The growth of regulation can be explained by many causes, not least de-regulation. Yet from the perspective of culturally mediated political agency the specificity of regulation is derived from the fact that it is simultaneously un-popular and popular, as if within the same voice one might say, in the course of answering an opinion poll questionaire or participating in a focus group about local auhtority services, ‘yes, there should be less regulation, and someone ought to do something about it without limiting my personal freedoms’. In this respect regulation should be understood as the source of an ideological and material solution which absorbs the antagonistic potential of the conflicts between liberty and morality which characterise the present conjuncture. Conservative regimes tried to do this through share-issues in the newly privatised firms but because of the volatility of finance markets there is less risk and greater reward from participation in the regulation of the consequences of privatisation. One way in which this has happened derives from the capacity of regulation to create an essential identity or common cause between the broadly caring ethos of the public sphere and the narrowly competitive ethos of the market in conditions where the latter dominates such that each is able to pass itself off as the latter. Caring is efficient, and competition cares. The incentive to create regulation derives from its market and competitive nature, and not from its good or bad effects, insofar as the development of regulation is compatible with the assumptions which explain market behaviour, and insofar as maket behaviour institutionalises individual commitments to personal autonomy and freedom. Normally these assumptions are contained in the aphorisms of competition, such as ‘buy cheap and sell dear’, but equally they are present in observable market behaviour in which individuals seek to maximise the utility of their actions according to the principle of the least effort for the greatest reward, where effort is understood as a cost, and utility is understood as a the subjective quality of happiness. Not only does this mean that free-riding will always be an entrepreneurial activity. Utility maximisation will always prevail in an environment dominated by the market and this extends to the regulatory activities which arise as a consequence of that dominance. There is no reward for self-denial and no one is encouraged to sacrifice the possibility of advantage. One must resist the pious temptation to deny that this is the case. Agents compete according to market rationality in a non-market environment or, to put it more simply, the empirical distinction between market and non-market collapses in so far as subjective motivation is concerned. To be competitive is not simply about making better things and selling them. Competitiveness is also about inventing new things to be regulated and new ways of doing it. It’s not about making the economic cake bigger, but about getting a bigger slice of it by claiming that doing so makes it bigger for others. The claim is impossible to verify but as long as it is framed in the language of competition it is ring-fenced against reality.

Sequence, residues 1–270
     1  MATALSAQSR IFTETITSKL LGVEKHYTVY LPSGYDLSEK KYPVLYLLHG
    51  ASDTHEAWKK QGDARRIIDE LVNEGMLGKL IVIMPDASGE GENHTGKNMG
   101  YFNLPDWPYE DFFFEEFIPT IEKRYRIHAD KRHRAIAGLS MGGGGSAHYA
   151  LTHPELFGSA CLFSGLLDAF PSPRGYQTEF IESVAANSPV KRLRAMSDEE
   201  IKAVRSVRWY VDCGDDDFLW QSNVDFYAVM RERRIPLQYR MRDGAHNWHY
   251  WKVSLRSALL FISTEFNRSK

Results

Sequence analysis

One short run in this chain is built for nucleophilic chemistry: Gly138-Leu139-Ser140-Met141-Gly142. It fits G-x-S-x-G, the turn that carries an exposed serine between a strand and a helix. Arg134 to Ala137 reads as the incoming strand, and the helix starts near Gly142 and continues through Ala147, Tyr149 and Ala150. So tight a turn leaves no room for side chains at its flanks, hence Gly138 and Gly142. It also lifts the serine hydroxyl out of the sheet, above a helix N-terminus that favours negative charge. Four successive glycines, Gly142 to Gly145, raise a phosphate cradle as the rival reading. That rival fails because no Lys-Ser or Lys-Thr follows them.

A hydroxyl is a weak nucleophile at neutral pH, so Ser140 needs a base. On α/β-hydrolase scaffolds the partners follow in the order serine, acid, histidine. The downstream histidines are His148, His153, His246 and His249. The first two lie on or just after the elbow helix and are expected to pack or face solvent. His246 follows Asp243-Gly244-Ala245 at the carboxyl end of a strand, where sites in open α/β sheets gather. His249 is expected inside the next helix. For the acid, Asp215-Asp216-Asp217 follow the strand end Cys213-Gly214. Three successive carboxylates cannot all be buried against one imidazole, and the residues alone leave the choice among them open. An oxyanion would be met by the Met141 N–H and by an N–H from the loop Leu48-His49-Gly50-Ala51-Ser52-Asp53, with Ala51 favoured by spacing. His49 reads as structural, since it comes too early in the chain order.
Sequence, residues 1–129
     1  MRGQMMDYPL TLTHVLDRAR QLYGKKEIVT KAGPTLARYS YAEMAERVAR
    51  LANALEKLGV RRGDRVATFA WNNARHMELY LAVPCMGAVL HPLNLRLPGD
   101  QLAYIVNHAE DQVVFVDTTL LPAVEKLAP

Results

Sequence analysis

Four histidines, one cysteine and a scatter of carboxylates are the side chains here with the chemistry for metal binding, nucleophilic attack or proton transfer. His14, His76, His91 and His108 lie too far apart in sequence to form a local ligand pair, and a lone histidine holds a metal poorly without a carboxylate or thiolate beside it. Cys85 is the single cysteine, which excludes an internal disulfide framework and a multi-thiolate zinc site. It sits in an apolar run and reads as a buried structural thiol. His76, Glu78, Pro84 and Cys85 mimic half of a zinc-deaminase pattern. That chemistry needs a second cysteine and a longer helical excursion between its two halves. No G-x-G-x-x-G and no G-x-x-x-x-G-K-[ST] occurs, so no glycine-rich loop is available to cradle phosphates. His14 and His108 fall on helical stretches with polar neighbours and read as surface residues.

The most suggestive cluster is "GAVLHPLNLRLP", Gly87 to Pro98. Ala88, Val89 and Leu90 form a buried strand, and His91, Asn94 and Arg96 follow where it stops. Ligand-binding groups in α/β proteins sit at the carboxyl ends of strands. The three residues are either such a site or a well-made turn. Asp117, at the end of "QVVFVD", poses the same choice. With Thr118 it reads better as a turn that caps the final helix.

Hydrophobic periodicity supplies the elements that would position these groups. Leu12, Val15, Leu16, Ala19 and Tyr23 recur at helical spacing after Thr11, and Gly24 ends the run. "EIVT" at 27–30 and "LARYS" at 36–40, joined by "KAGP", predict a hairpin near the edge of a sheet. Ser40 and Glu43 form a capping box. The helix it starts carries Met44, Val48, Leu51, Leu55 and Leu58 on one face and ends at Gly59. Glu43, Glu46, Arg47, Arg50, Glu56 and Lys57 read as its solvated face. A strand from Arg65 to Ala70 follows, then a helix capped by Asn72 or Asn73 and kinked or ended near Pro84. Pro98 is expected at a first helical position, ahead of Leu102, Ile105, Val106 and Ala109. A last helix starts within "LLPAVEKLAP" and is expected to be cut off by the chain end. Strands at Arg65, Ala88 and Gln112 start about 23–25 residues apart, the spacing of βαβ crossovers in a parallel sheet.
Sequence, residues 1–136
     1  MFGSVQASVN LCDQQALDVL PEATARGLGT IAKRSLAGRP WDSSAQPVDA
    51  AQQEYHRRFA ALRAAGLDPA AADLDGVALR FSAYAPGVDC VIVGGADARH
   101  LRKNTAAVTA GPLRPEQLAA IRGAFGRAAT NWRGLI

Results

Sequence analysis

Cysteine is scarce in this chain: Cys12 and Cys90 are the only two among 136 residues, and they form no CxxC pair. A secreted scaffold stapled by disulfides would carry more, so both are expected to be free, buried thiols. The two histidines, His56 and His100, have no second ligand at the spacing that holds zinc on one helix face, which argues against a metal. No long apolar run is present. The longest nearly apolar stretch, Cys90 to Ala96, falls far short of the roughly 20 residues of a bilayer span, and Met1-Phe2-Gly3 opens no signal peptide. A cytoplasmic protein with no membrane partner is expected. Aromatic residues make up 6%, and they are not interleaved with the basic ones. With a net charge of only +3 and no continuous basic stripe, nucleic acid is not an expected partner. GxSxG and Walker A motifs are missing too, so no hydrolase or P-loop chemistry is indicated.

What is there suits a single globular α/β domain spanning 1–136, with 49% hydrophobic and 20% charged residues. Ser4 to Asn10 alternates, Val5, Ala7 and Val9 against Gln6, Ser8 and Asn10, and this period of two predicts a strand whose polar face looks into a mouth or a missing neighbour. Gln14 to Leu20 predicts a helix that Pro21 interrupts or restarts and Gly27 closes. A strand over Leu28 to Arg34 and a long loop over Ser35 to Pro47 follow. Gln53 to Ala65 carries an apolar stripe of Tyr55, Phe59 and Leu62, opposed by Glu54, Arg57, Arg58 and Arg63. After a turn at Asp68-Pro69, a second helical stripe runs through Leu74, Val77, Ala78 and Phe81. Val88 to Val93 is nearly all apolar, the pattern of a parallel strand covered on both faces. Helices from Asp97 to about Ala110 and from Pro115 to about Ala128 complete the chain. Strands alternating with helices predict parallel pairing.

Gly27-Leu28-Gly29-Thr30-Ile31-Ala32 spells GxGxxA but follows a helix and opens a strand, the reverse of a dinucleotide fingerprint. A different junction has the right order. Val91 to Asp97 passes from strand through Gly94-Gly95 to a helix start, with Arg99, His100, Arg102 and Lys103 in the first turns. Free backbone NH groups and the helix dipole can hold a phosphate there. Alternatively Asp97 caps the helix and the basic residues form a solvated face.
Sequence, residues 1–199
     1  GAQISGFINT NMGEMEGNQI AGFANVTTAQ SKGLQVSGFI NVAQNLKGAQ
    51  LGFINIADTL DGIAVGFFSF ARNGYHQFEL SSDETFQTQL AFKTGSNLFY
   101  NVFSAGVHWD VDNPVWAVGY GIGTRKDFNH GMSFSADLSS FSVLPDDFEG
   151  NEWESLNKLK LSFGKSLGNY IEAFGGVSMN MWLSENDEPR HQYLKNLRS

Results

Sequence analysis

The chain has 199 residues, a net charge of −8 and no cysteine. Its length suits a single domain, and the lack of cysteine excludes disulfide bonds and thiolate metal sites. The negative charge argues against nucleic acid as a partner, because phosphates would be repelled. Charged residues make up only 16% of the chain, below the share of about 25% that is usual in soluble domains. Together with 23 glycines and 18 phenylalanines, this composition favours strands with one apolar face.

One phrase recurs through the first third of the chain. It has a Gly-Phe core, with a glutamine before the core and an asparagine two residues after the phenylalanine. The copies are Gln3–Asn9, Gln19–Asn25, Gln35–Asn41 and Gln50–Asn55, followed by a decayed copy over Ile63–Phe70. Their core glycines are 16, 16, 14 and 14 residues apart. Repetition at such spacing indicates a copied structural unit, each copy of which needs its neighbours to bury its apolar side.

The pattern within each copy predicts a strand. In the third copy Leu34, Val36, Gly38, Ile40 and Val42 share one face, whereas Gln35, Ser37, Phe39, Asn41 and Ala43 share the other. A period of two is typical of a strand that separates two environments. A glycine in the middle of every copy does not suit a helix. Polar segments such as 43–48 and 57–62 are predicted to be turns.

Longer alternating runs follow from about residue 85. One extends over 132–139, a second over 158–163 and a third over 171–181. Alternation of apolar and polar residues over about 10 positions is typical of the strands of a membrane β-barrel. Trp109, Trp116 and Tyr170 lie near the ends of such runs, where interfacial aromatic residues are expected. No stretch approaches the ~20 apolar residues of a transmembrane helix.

The old opposition between state and market has no relevance in this scenario as the market depends on redistributionary policies. As everyone knows, left to themselves participants in a purely free market will end up stabbing each other without the presence of some non-market force to restrain their behaviour such as the police and ultimately the state. The non-market force is sustained through the redistribution of resources in its favour which it can subsequently redistribute in order to secure its legitimacy. Ideally non-market forces are governed by democratic accountability but the force of such a requirement has been weakened by the rising cost of democratic participation in relation to the diminishing benefit, and the unreliability of notions of representation. By conceiving of the non-market force as a commodity and thus of its users as consumers government, or the capacity to rule, is ‘reinvented’. By subjecting the non-market force to the competitive logic of the market the circled is squared. This is why less government and more market does not mean less taxation, a point which can be evidenced by the quasi-autonomous status of regulatory agencies and the markets in services which they create in order to sustain themselves. Wealth is redistributed to non-market activities which are in turn encouraged to mimic an idealised and exaggerated notion of the market. At the same time, the market redistributes wealth to its own non-productive regulatory activities in management and administration in order to alleviate the governmental defecit. Once installed, regulation must grow by inventing more regulation in order to become economically viable and self-sufficient, and does so by competing for resources which would otherwise go elsewhere. For example, advisers and ‘consultants’ on doing, complying with, or avoiding regulation are available to hire in both the public and private sectors. So-called ‘public-private partnerships’ in public building projects are only one example of this, albeit spectacularly inept. The general phenomenon of ‘contracting out’ and competitive bidding is another. Just imagine the budgets for IT software and ‘training’, the workshops on ‘communication skills’ and ‘team-working’. Just imagine the amount of mortgages and bank overdrafts and credit cards that depend on regulation, perhaps even your own. Dalrymple provides a routine example of the dissolution of the distinction between public and private. At the end of the shift the doctor or nurse walks away from the patient, irrespective of the state of the patient’s health at that point in time. Everyone’s at it.